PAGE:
The rules consist of the following:
- All liquids, gels, aerosols and items with similar consistency are to be carried in containers with a capacity no greater than 100 ml/100 gm/3.40z. Items carried in containers larger than 100 ml will not be accepted, even if partially filled.
- Containers are to be placed in a transparent and resealable plastic bag with a maximum capacity no greater than 1 litre. The containers must fit comfortably within the sealed transparent plastic bag.
- The plastic bag is to be presented for visual examination at the screening point. Only one transparent plastic bag per passenger is permitted.
- Exemptions are made for liquids, gels and aerosols used for medication, baby milk/foods and special dietary requirements. Guests may be requested to verify the nature of such liquids, gels and aerosols.
- Exemptions are made for flight crew in uniform and on duty during flights.
Exemptions are made for LAGs items purchased either at airport duty free shops located in sterile areas or on board the aircraft, on the condition that items are packed in a sealed plastic bag that is both tamper-evident and displays satisfactory proof of purchase at the airport duty free shops or on board the aircraft on the day/s of the journey, for departing and transit guests.
To facilitate screening and to avoid a cluttered x-ray image, such plastic bags containing the items should be presented apart from other cabin baggage, coats/jackets, or laptops for separate x-ray screening.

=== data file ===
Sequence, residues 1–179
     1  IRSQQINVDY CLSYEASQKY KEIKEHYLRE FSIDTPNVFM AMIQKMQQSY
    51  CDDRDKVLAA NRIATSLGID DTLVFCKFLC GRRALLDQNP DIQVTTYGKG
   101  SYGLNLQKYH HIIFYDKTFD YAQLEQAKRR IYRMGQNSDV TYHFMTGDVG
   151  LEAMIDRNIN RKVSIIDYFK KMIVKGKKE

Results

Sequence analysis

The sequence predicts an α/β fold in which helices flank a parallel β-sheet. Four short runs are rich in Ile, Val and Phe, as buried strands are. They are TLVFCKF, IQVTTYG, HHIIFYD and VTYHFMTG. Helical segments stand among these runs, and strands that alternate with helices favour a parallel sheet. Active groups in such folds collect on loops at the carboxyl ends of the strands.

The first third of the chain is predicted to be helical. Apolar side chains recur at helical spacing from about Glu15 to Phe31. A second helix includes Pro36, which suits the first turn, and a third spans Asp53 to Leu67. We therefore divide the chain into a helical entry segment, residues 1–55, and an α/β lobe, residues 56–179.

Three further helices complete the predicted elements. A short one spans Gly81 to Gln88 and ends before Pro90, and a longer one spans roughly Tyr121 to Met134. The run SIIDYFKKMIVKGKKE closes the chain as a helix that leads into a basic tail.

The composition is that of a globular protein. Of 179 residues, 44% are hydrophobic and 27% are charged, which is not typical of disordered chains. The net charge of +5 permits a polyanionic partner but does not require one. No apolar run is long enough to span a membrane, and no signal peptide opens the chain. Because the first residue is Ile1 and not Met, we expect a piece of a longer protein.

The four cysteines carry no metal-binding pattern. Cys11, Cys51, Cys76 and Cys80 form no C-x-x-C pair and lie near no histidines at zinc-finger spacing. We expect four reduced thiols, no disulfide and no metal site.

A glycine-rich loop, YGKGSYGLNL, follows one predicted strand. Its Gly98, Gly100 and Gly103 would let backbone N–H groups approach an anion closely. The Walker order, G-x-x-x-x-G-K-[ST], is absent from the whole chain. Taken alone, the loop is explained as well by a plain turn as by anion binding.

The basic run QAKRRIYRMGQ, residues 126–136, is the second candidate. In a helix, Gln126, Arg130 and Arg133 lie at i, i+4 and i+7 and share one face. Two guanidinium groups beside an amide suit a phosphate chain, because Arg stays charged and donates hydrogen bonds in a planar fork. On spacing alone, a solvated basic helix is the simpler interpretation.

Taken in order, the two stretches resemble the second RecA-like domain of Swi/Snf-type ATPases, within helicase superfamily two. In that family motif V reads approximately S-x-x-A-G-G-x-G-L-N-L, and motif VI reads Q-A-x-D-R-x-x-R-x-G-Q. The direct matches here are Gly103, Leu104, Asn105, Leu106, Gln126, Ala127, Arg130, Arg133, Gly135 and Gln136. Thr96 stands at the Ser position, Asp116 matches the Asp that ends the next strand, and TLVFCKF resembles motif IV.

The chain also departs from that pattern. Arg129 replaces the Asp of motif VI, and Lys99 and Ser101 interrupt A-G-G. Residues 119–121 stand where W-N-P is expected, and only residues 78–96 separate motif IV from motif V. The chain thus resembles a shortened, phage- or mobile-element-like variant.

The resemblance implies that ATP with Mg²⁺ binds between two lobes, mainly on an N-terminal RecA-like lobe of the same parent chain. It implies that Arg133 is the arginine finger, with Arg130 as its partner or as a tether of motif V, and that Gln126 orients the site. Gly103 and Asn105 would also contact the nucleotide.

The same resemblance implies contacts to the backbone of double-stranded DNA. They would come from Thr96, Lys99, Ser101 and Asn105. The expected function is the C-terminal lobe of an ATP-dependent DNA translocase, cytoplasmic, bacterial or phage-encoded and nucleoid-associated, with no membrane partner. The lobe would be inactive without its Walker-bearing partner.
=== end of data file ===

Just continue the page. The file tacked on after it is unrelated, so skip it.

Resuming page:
These security measures are made in accordance to International Civil Aviation Organization (ICAO) of 30 March 2007 and recommended for implementation by all the ICAO contracting state.
Australia and Brunei
To ensure your safety, the Australian & Brunei Governments have legislated new rules on taking liquids, aerosols and gels (LAGs) for flights to/from/transit in Australia and flights from Brunei, for all passengers boarding a flight in Australia and Brunei, either new or transit passengers from other airports.
For flights from/transiting in Australia into/transiting in Brunei
Duty free items in excess of 100 ml can be purchased after clearing customs, immigration and security at any airport in Australia, the quantity of which is subject to Brunei customs duty free allowance. These duty free items are allowed into Brunei if Brunei is your final destination. If Brunei is a transit destination, however, these items may be brought on board only if they have not been opened and have been packed securely in tamper-evident bags.
For flights from/transiting in Brunei into/transiting in Australia
All items in excess of 100 ml will be confiscated in Brunei, regardless of whether the items are purchased duty-free from another airport or packed in tamper-evident bags. For more information, please visit the official website of the Australian government here. Please note that no airline shall be held responsible for confiscated items.